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Opening lines

 
Arlene Hisiger
 
 

Women at work: Don't let opening lines hold you hostage



 
Democrat & Chronicle NewspaperJune 3, 2013
 
Written by

 

Arlene Hisiger 



What inspires you to write?

Let’s face it: Whether you tweet, post on Facebook, or are writing an article, it all boils down to words.

While public speaking is often cited as one of life’s most feared activities, choosing just the right words to convey an opinion, elucidate a complex subject, or craft a business document has a paralyzing effect on many as well.

Even gregarious folks who can freely engage you in conversation on a range of topics freeze at the thought of putting the proverbial “pen to paper.”

True, the permanence of the written word, particularly in the Internet age, demands more caution and should lead to greater care in word choice. However, that need not be a deterrent to writing with ease and flair.

Those who dread or put off writing their documents are typically held hostage by the opening lines. As is true of first impressions, with written documents you don’t get a second chance to draw in your audience. You must have an arresting opening statement or risk losing readers to the lure of myriad other distractions.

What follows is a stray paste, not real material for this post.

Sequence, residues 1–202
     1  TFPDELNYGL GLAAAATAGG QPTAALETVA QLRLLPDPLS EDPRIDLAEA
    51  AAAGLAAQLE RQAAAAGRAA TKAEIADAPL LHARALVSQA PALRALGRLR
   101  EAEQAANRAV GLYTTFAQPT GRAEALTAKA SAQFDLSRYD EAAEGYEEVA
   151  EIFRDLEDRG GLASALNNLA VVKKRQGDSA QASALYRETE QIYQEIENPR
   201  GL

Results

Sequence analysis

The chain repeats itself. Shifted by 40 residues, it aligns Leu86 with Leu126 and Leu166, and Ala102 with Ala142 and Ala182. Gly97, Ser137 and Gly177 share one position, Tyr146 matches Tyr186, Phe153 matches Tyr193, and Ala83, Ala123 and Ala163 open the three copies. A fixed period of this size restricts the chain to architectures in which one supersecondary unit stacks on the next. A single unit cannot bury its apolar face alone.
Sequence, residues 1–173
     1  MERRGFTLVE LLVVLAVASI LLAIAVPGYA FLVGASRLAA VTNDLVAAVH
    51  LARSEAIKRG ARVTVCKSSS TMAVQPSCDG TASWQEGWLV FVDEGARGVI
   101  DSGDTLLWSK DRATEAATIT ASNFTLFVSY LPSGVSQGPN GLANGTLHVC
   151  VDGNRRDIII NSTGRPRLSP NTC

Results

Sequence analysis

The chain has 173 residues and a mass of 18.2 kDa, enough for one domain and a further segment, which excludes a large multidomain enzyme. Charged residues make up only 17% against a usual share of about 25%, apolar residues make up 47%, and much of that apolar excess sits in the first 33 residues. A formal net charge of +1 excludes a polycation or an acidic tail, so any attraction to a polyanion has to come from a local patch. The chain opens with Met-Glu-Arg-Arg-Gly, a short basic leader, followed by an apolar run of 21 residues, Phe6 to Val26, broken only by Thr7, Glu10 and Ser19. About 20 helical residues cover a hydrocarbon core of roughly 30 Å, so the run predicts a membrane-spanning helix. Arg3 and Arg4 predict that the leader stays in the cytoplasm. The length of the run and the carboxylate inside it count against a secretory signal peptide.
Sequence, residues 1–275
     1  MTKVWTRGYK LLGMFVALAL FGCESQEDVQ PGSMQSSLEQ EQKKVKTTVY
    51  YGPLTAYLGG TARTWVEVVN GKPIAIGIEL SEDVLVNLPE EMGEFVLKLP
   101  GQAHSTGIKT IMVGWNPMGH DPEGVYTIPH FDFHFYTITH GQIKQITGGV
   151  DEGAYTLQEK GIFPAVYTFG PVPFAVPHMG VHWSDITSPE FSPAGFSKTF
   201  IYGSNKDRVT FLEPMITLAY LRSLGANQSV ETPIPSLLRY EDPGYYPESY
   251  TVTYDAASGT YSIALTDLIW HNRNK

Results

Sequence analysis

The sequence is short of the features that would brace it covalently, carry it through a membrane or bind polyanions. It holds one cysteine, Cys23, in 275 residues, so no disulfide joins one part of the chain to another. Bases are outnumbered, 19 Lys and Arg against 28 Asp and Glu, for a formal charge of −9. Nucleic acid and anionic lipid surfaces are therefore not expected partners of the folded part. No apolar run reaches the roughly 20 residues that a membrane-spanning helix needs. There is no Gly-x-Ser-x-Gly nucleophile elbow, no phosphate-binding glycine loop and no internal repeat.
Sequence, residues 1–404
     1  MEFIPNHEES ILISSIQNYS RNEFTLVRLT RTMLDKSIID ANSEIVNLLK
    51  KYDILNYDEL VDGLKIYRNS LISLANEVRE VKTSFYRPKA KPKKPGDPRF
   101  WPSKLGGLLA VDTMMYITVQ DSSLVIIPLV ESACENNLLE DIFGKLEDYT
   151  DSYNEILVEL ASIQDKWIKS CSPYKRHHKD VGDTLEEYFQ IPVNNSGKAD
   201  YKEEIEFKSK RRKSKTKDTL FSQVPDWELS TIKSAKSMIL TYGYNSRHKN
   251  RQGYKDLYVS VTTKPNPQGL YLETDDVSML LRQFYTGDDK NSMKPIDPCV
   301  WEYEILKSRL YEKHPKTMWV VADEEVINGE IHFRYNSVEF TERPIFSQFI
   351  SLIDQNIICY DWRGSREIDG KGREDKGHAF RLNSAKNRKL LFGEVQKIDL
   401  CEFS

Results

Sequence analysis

So relax and take in the scenery. That’s right, instead of dreading writer’s block and repeatedly coming up dry while racking your brain for writing prompts, allow yourself to be open to all that is around you.

To conjure up a fascinating opening, you don’t have to re-create the wheel. Perhaps a bumper sticker, a slice of a newscast, or a snippet of overheard conversation can be the impetus for getting your writing project started.

Questions or intriguing declarations such as, “If you already know all there is to know about marketing, skip this article,” are common strategies employed to catch the reader’s elusive attention.

Once you’ve got your opening, let those words roll. Stay in the moment; write now, edit later.

Arlene Hisiger is a freelance writer whose passion is writing about people and the arts. Contact her: Wordtailor@aol.comWebsite: www.wordtailor.net/. This column is written by members of the Rochester Women’s Network (http://rwn.org/).

 
 
 
Contact Arlene at 585-442-6108 or arlene@wordtailor.net
Word Tailor Rochester, NY  Copyright ©2010 www.wordtailor.net
 
 
 
 
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